A crime of passion (French: crime passionnel), in popular usage, refers to a violent crime, especially homicide, in which the perpetrator commits the act against someone because of sudden strong impulse such as sudden rage rather than as a premeditated crime.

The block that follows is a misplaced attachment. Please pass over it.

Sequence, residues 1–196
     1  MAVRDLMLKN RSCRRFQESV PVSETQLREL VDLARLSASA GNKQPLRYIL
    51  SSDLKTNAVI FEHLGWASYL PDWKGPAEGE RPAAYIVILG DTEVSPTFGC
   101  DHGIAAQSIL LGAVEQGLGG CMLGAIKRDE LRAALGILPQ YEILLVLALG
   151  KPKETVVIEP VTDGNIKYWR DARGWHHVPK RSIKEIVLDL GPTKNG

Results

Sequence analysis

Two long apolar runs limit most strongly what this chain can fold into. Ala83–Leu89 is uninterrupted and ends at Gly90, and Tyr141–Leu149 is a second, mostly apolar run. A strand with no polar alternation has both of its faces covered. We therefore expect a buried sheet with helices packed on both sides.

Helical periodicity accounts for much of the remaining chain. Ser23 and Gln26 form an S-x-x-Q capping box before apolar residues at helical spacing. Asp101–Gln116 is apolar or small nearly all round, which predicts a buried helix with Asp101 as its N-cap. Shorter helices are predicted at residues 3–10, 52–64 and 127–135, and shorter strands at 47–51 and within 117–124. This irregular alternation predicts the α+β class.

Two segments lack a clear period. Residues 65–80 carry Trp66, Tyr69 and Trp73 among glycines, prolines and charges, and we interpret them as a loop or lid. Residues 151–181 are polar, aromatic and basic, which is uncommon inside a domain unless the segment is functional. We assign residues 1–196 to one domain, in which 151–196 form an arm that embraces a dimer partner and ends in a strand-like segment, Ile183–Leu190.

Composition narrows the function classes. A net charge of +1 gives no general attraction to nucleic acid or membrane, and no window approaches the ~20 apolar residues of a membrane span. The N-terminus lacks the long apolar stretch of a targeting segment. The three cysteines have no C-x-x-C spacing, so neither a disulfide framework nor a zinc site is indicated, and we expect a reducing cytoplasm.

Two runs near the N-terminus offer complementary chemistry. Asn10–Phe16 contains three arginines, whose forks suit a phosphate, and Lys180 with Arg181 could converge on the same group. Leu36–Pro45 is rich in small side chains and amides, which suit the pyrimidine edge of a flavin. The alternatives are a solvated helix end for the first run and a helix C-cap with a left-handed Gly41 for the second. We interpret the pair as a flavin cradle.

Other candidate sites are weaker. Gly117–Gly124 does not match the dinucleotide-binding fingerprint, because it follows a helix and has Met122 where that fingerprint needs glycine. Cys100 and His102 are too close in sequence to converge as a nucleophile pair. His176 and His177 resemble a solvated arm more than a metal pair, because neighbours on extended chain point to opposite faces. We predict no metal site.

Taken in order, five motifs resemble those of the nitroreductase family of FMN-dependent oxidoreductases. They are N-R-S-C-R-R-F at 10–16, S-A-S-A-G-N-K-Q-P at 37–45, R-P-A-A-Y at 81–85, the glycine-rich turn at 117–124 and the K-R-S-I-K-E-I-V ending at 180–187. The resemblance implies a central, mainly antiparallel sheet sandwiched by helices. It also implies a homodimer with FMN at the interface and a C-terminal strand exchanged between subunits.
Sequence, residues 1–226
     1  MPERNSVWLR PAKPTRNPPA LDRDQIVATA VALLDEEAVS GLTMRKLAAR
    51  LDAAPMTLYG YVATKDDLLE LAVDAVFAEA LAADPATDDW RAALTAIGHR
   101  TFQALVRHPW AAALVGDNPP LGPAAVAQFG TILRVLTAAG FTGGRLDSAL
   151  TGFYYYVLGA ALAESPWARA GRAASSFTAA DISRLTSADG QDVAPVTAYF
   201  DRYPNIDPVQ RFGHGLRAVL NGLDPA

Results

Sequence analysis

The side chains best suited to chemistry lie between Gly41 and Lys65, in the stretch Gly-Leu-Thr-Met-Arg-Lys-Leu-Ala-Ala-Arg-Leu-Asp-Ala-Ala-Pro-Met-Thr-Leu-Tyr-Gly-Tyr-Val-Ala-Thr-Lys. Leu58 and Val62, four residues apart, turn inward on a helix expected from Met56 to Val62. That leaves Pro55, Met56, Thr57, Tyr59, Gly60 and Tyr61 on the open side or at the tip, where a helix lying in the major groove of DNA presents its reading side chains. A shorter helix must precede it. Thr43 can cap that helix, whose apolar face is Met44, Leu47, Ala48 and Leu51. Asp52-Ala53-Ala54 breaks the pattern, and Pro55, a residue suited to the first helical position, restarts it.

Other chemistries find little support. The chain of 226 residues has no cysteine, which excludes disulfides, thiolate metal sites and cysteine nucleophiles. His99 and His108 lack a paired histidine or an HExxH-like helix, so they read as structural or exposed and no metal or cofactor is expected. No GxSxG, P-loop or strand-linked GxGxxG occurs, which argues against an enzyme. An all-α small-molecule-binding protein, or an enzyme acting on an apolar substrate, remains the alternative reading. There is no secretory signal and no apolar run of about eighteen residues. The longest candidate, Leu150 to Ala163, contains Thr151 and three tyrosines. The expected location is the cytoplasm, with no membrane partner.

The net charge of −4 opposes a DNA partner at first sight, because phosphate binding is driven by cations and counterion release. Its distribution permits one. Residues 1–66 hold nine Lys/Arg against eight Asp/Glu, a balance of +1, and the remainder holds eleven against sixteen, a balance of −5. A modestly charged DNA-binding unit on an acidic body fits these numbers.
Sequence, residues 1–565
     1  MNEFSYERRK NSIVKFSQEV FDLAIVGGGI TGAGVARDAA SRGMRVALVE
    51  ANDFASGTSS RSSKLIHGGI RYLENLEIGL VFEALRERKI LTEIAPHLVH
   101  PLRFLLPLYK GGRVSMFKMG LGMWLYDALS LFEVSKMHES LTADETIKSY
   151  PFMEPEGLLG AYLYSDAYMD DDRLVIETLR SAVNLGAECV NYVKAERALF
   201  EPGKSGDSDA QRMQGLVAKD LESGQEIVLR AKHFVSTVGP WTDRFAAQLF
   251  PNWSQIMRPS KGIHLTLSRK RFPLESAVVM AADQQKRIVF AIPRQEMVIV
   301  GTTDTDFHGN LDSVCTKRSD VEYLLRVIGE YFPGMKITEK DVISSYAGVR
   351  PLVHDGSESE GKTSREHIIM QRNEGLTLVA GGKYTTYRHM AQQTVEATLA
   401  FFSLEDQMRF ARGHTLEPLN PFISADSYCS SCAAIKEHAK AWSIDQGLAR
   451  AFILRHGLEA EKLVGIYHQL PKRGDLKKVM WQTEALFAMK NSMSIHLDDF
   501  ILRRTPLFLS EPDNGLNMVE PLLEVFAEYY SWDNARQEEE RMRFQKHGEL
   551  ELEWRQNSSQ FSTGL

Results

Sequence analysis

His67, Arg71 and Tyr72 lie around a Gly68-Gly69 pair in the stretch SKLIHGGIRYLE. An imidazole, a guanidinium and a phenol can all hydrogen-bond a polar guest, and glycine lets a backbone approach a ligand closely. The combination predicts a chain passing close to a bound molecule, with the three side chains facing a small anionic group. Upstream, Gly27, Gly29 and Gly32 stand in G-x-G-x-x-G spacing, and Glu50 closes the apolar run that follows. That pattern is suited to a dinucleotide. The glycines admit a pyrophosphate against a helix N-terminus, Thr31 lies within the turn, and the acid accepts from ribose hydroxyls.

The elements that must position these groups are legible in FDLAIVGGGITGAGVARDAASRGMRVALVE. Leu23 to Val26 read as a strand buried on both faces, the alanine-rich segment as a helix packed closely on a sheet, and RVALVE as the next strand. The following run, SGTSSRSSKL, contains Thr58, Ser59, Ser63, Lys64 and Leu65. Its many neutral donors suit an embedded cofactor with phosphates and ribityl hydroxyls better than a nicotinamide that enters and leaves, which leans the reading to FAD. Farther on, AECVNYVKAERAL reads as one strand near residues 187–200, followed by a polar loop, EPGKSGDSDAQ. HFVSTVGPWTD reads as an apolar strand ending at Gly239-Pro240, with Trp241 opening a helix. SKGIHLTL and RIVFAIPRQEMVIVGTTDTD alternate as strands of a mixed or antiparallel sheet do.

Provisions in law allowing for reduction or exemption in penalties for crimes of honour exist in almost every Arab code. The mitigation of penalties varies in application, however. Most of the codes limit excuses to crimes of passion, defined generally to require elements of surprise, flagrancy, and immediacy of response. The result is to circumscribe a young woman's life with a variety of sanctions. In adjudicating crimes of passion some courts have tended to apply other provisions of criminal codes to reach a heavier penalty. These judiciaries share the nationalist ideal of modernity that eschews the image of the "Western woman" in favour of that of the "Arab woman," educated and perhaps professional but quintessentially mother and wife. Conservative judges are constructing a new social function of crimes of honour in response to sexual practices they consider subversive.